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Wednesday, Feb. 6, 2008

John Updike and the world

On page 10 of Due Considerations: Essays and Criticism (Knopf), John Updike makes it clear that he’s reluctant to be “a subject of extended biographical treatment,” wherein “some callow inquisitor interprets his life.” At age 75, the elegantly reserved Pennsylvania Dutchman says that “a fiction writer’s . . .
Thursday, Jan. 24, 2008

(National Geographic), by Jean-Pierre Isbouts

Civilization first stirred in the Fertile Crescent. It was also the birthplace of three of the world’s major religions: Judaism, Christianity and Islam. The Biblical World: An Illustrated Atlas may be a slightly misleading title. It includes maps but is no atlas and . . .
Thursday, Jan. 24, 2008

Germany on the brink

You could almost suppose that Germany had no past before 1933, so massively does the Third Reich overwhelm popular thought and historical writing about the country. But it does, and one of the most interesting periods is the one immediately preceding . . .
Thursday, Jan. 24, 2008

Book Preview

Despite the discouraging consensus that the hand of fate is heavy and immovable, how many of us daydream about what we may have done differently if we could go back in time?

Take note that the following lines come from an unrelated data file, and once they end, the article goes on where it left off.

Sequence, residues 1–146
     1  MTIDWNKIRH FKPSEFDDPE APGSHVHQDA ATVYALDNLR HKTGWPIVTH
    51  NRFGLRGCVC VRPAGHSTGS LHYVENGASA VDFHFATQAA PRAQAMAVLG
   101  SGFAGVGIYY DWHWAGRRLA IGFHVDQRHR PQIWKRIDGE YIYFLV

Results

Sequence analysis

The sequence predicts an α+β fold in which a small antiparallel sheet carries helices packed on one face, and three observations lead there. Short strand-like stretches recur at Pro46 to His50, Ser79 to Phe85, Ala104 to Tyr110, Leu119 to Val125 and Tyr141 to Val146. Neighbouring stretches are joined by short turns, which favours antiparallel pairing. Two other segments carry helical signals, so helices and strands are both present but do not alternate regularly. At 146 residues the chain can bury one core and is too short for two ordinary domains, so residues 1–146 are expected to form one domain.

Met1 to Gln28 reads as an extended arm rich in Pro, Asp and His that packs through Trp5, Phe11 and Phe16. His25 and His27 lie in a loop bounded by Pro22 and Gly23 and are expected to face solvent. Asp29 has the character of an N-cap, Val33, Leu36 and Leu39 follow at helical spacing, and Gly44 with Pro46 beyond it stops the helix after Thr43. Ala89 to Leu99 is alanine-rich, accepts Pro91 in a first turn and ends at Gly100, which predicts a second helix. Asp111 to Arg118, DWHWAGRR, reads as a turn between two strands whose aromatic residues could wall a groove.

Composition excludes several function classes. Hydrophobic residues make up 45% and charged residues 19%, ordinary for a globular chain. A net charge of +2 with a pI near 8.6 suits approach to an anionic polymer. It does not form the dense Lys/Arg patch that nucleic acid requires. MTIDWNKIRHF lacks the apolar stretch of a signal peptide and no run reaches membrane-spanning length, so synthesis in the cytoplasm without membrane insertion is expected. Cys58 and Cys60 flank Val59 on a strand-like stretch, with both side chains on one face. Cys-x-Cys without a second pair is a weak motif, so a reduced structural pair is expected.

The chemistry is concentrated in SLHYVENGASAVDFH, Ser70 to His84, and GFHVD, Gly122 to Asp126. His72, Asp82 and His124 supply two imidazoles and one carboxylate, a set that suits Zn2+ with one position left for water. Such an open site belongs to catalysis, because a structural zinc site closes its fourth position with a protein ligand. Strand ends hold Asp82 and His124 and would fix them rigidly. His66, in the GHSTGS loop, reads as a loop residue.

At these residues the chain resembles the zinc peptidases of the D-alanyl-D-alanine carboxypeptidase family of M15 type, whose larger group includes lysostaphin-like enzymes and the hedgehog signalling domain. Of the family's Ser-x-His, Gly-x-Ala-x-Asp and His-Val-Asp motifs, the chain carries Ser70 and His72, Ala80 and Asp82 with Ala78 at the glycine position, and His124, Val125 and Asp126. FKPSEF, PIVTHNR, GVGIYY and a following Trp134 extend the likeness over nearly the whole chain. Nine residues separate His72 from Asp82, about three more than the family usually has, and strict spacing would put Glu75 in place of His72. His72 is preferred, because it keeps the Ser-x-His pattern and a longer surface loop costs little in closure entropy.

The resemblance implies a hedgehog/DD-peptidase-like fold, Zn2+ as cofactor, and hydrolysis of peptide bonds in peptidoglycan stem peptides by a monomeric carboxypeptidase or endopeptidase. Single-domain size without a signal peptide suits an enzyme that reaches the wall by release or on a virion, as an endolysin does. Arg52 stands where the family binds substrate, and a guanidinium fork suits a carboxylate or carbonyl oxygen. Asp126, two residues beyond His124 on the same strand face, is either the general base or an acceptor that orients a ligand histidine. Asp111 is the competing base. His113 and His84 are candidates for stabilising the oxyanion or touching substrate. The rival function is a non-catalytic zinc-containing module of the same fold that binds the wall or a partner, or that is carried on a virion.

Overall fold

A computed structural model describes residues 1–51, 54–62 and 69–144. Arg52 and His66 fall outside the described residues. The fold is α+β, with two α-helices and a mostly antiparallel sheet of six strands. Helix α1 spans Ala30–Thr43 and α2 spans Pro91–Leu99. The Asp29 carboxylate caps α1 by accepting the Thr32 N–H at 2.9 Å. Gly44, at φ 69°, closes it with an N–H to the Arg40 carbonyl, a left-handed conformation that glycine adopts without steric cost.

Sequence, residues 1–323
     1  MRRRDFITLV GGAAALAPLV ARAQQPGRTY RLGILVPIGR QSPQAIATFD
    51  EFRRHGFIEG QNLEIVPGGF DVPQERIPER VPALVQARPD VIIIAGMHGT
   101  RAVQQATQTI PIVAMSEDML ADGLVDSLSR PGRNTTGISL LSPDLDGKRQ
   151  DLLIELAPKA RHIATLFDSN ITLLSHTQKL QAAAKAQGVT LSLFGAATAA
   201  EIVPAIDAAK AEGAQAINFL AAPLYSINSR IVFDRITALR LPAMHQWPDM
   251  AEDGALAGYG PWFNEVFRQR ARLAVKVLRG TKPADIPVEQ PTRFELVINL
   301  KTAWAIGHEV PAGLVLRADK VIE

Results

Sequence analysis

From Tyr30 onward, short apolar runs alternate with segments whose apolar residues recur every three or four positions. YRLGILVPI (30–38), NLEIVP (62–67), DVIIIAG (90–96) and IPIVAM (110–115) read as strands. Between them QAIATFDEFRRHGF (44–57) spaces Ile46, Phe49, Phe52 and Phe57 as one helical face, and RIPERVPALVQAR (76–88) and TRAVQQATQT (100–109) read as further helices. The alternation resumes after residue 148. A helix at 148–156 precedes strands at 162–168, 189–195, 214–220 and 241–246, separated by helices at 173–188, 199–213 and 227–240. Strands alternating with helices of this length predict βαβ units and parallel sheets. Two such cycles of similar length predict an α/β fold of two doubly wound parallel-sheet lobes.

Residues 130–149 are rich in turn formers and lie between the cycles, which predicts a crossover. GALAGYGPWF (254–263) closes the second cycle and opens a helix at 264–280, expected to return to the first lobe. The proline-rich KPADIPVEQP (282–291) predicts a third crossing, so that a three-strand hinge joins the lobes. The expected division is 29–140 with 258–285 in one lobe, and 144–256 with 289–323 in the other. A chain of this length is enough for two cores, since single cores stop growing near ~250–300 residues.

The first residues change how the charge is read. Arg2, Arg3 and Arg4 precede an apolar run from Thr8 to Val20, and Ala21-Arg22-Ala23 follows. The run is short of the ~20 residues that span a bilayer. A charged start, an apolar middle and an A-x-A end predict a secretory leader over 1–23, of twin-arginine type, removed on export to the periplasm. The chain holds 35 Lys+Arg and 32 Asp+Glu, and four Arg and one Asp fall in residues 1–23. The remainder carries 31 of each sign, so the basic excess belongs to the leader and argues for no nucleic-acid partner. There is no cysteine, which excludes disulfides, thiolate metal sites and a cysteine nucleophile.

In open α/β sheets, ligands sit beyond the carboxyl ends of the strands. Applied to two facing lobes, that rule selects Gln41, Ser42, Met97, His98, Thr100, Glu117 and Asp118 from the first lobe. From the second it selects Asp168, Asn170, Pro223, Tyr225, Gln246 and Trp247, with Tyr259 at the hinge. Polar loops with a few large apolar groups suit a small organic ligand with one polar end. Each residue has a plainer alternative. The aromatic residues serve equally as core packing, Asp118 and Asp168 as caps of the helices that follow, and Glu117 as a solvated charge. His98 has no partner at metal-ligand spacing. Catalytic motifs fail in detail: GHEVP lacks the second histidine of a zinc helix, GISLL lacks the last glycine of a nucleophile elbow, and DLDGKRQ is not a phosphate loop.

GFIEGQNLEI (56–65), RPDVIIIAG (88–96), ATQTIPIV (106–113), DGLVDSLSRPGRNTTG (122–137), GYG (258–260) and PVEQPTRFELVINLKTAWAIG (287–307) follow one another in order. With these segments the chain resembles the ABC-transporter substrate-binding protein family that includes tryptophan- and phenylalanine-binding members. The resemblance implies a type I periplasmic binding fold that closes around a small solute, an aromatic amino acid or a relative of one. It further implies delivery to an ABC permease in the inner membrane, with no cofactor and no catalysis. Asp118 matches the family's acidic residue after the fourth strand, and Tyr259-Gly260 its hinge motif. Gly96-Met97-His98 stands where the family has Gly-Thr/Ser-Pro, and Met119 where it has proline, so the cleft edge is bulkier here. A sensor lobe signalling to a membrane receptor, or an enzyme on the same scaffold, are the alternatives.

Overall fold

Wednesday, Jan. 16, 2008

Book Preview

One can hardly say the words “hippie commune” without a hazy fog of associations clouding up one’s judgment. Woodstock, Haight-Ashbury and the Summer of Love are a few of the luminaries swirling around in that tripped-out constellation.
Wednesday, Jan. 16, 2008

Book Review

Between the saber-rattling “liberalism” of Thomas Friedman, the gas-guzzling “conservatism” of Billy Kristol and the smug, self-righteousness of George W. Bush’s favorite atheist, Christopher Hitchens, intellectual discourse in the public sphere is in a sorry state nowadays.

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